Month: April 2014

Laughing Kookaburra Western Australia

Kookaburra – laughing your head off

One of the most distinctive sounds in the Australian bush comes from a bird that has become a real national emblem. Laughing Kookaburras (Dacelo novaeguinae) are social animals that mark their territory by laughing out loud around dusk and dawn in particular. The chuckling and laughter between whole families of these giant kingfishers is a spectacle that keeps me entertained over and over. Luckily some individuals have chosen a branch of a nearby Marri tree as their favourite lookout. You’d like to laugh your head off with them? Just click on the links below! http://soundbible.com/grab.php?id=1786&type=mp3  

Grass Tree Balga John Forrest NP

Grass Tree – People and Plants

The Grass Tree (Xanthorrhoea preissii) is endemic to south-western Australia and can be found in almost any nature reserve. In Western Australia Grass Trees are commonly referred to as Blackboys, but are best known by its indigenous name, Balga. The plant has always been extremely important for aboriginals and early settlers. Its thin fronds  provided thatching material for shelters, while the resin which oozes from the trunk was used both as a binding and tanning agent. Because the resin is also highly flammable aboriginals used it as a firelighter, but when settlers cut down great numbers for firewood it disappeared almost completely from certain areas. As Grass trees grow extremely slow (about one metre in 100 years) it will take them a long time to recover, however, through a resurgence of popularity in using native plants for landscaping it has started to make a comeback in urban areas.

Southern Carpet Python Beelu National Park Perth Hills Western Australia

Carpet Python – Waugal

For as long as I have been in Australia I have always wanted to see a Carpet Python. Most bush walks go through amazing country, the kind of place reminding you of the garden of Eden, unspoilt, serene and beautiful. I have a habit that at the start of almost any of these walks I see the image of a Carpet Python winding itself around the branch of a tree, just as in those biblical images. After many years of walking with this idea in the back of my mind I never really thought I would have the privilege of  actually seeing one. Until yesterday when we walked part of the Bibbelmun track, a 1000 kilometre long route named after the early aboriginal inhabitants of South-West Australia, signposted by Waugal, the rainbow serpent from Nyungar dreamtime; a Carpet Python… I caught the first glimpse of this mythical animal when we reached a clearing in the Jarrah woodlands of Beelu National Park. On a stretch of bitumen leading to a deserted airstrip we found this nearly two …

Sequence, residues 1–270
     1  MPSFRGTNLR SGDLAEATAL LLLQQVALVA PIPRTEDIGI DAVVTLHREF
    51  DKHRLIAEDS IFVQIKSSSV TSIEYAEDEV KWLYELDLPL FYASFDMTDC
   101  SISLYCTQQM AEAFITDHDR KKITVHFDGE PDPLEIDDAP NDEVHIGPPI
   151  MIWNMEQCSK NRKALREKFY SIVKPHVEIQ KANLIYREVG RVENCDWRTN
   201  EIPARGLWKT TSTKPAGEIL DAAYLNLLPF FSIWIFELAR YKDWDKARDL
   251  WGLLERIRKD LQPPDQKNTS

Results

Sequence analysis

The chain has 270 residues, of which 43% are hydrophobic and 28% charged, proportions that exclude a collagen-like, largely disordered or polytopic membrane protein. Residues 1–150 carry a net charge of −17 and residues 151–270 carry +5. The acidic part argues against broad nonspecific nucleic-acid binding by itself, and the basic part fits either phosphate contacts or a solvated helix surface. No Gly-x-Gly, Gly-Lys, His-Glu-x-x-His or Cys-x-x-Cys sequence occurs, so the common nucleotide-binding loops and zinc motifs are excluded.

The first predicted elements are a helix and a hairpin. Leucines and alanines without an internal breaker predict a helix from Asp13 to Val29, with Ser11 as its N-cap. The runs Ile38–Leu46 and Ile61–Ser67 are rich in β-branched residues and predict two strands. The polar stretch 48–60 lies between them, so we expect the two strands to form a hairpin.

Common Brushtail Possum Lesmurdie Falls National Park Mundy Perth Hills Western Australia

Common Brush-tail Possum

By the sheer number of droppings on the stairs and the penetrating smell of urine underneath the deck of the verandah we should have known we were going to share our Tree Hut with a bunch of possums. Just because of their rather physical presence many people regard those tree-dwelling marsupials as a pest, but because they are protected under the Wildlife Conservation Act possums can’t be removed without permission of the State government. Regarding the abundance of wild fruit on our property and the numerous spaces to establish dens, any vacant possum-smelling space would attract new residents in no-time anyway. Apart from their nocturnal ramblings and territorial fights I guess we have started to love our closest neighbours who come out underneath their Jacaranda tree at twilight almost every day; a routine that makes close-up encounters good fun for kids and easy for photographers!

Ringneck Parrot 28 Lesmurdie Falls National Park Mundy Perth Hills Western Australia

Twenty eight Parrot – Welcome to the tree hut

Hurray! After a few months of hard work we have finally settled in. Our new house is adjacent to Lesmurdie Falls National Park, completely surrounded by tall Marri (Corymbia calophylla) and Jarrah (Eucalyptus marginata) trees. As the deck in front of the house is equally high as the canopy we have baptised this wonderful place ‘The Tree Hut’. The surrounding forrest is home to native wildlife including flocks of noisy tail waggling Twenty-eights, a subspecies of the Australian Ringneck (Bernardius zonarius semitorquatis), clearly recognised by its red frontal band and its distinctive ‘Twenty-eight’ call. The Nyungar called this bird Darlmoorluk and regarded it as a guardian or protector of their camps, keeping evil spirits at bay. So hopefully our home is blessed with having those happy birds around, providing us with a place from which we can live our dreams.